"We're going to be the first state in the nation to advance zero-emissions new homes and buildings," Hochul said. Interestingly, the Democratic governor has gas stoves in her own Buffalo home and the Executive Mansion in Albany while pushing for the gas ban in future buildings through the state budget process.
Albany Democrats are expected to approve the electrification push as part of a $229 billion spending deal, which mandates all new buildings under seven stories to be fully electric by 2026 with larger structures set to follow three years later. Exemptions will be made for commercial kitchens, emergency generators and hospitals.
Last year, a study from Stanford University found that gas stoves alone produce warming pollution that is tantamount to about a half-million gas-powered cars each week. It also indicated that natural gas could raise levels of nitrogen dioxide, which could cause respiratory issues. Another study also linked indoor gas stove usage to increased risk of asthma among children.
Still, there are at least 20 states in the nation that have outright prohibited gas bans, according to S&P Global. And in April, a federal appeals court overturned Berkeley, California's first-in-the-nation ban on natural gas in new construction.
The proposed ban on installing gas furnaces and stoves in new buildings did not sit well with New Yorkers.
"Kathy should mind her own business and get out of our kitchens," said Yas Kantakis, a resident of Sutton Place. "Now she's in our kitchens first, our bedrooms will be next. Why would somebody come into your private home and tell you what to do? We're not communist yet – we're getting there –but it's just an insult."
Meanwhile, an Upper East Side resident named Ella is very much against the change. "I don't see the benefit. Electric stoves don't cook as well." Also, her 70-year-old neighbor Claire Gozzo commented: "I have electric (stove) in Florida and I hate it, you can't control it. I like gas because you can control it and everything cooks good."
Some New Yorkers are just not fully sold on the governor's idea. Elena Adams, 34, of Sunnyside, Queens, said she needs more information about the issue. She also highlighted her broader support for actioning against climate change. "We have an extreme issue with fossil fuels right now and climate change is something we all need to address and take action, but we need to be educated on the benefits of getting rid of gas stoves," she said.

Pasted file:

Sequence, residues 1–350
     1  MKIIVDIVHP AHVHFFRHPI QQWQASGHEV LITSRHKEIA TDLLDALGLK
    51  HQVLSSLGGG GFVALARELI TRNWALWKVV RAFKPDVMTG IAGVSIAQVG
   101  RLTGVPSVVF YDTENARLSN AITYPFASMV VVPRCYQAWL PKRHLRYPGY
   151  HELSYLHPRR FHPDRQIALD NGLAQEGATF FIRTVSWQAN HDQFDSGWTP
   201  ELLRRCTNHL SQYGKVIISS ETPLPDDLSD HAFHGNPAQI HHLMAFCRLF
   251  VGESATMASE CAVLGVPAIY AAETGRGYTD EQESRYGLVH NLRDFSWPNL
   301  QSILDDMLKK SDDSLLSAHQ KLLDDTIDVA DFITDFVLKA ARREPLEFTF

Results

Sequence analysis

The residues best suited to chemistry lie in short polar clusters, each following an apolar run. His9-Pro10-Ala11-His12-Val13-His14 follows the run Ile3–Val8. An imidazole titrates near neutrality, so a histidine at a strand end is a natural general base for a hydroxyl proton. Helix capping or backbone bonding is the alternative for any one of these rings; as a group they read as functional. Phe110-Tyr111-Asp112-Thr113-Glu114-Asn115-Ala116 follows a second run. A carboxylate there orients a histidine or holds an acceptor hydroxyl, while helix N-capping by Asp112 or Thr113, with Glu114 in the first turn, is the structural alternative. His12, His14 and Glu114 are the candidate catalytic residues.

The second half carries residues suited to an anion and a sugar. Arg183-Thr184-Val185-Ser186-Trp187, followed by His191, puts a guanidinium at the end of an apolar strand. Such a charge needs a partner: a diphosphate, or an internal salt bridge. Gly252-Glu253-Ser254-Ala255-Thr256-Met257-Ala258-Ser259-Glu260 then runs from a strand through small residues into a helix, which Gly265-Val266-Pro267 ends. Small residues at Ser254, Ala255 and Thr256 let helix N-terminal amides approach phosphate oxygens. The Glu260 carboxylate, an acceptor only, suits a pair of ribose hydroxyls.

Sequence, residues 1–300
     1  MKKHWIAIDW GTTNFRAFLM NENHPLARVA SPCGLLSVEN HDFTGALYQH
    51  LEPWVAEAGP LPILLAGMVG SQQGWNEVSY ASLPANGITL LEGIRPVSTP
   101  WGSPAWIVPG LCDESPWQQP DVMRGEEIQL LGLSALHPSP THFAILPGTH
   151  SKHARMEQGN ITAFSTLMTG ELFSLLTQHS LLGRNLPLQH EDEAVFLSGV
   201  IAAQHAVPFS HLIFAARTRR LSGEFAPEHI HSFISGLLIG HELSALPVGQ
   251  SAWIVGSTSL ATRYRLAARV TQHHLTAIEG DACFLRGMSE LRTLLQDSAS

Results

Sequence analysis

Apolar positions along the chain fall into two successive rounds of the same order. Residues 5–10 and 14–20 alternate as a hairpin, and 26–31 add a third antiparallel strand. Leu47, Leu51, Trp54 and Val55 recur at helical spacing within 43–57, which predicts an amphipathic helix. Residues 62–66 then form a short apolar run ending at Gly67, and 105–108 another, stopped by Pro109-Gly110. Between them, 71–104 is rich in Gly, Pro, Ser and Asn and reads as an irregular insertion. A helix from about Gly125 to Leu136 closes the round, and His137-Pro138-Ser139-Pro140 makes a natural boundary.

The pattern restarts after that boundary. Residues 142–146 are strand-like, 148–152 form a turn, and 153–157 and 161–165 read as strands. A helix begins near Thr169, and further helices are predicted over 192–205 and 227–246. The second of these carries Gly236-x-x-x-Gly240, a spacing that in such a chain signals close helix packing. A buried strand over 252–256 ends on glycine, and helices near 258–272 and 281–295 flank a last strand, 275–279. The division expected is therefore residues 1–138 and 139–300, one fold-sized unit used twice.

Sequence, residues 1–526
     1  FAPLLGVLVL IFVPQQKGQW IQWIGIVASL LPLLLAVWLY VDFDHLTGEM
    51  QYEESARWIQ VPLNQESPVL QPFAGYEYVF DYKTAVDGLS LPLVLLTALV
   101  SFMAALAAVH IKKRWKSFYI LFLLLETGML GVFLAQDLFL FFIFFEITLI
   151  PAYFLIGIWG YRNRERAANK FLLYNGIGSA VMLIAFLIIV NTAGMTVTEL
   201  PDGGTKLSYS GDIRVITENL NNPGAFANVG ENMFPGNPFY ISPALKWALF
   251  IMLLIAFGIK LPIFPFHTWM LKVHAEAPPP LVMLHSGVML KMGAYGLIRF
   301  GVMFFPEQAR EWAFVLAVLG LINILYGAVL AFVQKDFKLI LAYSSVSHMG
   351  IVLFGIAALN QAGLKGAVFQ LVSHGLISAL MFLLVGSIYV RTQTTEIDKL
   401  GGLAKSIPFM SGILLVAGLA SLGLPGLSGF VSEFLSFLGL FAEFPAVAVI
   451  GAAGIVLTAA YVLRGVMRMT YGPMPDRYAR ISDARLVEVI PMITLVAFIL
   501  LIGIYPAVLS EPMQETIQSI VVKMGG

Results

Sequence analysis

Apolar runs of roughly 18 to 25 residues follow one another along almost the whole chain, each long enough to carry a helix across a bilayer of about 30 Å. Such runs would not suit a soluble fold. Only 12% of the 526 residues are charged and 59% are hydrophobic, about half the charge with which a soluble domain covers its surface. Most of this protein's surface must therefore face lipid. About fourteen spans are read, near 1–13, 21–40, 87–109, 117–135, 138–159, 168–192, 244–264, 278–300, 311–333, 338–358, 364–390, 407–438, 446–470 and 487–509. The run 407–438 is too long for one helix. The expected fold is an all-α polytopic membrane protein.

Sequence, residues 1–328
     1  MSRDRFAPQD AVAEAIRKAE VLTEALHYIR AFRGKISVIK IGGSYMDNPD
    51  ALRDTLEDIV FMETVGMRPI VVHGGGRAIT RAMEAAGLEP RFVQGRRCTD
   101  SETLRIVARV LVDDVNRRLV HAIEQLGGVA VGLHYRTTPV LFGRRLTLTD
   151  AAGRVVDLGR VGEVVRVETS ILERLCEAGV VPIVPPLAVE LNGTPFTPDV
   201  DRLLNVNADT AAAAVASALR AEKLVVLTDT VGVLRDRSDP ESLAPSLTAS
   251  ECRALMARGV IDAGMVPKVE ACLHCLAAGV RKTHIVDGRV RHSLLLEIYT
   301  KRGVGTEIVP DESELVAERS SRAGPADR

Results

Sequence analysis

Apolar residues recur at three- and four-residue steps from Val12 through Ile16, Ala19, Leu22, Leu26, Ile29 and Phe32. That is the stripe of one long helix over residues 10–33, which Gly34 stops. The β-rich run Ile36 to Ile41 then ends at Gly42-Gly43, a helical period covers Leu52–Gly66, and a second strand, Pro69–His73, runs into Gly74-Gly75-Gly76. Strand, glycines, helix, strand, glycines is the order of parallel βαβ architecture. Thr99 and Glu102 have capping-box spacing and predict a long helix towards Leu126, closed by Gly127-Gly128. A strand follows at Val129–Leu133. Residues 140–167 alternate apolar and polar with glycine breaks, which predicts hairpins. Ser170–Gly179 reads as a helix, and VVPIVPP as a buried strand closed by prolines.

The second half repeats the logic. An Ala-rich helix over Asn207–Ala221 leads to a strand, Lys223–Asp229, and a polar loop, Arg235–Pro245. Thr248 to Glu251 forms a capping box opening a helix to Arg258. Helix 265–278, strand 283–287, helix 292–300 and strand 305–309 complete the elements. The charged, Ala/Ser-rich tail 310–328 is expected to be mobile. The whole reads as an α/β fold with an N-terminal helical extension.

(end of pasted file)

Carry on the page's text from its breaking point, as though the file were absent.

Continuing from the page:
Ian Alterman, 64, from Upper West Side, drew a connection between the culture wars battle over gas stoves and a broad problem with political messaging on the political left. "New Yorkers should educate themselves, but the governor has an obligation to message properly so people understand what's going on and why – if that's not happening there's a problem," he said. "It could be a fantastic decision, but I just don't know."
According to environmental groups, the details of the plan were still unclear. They were worried it might contain a provision that would allow local governments to effectively veto the measure. But the governor's spokesperson Katy Zielinski denied the allegation.
"The new law will not have any loopholes that will undermine the intent of this measure," said Zielinski. "There will not be any option for municipalities to opt-out."
In February, a Siena College poll found that only 39 percent of registered voters support banning all fossil-fuel-burning equipment. "People are apt to make choices whether they are located in New York State or somewhere else, and this will provide a further strain on the market until there's certainty about the availability in the grid as we move forward. So that's a real concern," said Joseph Hogan, vice president of building services at the Associated Contractors of New York State. (Related: Another ploy to control people's lives: Biden administration plans to ban gas stoves.)
Visit GreenDeal.news for more news related to mandates that ban natural gas-powered appliances.
Watch the video below that talks about the gas stove ban in Los Angeles, California.
This video is from the Healthy American channel on Brighteon.com.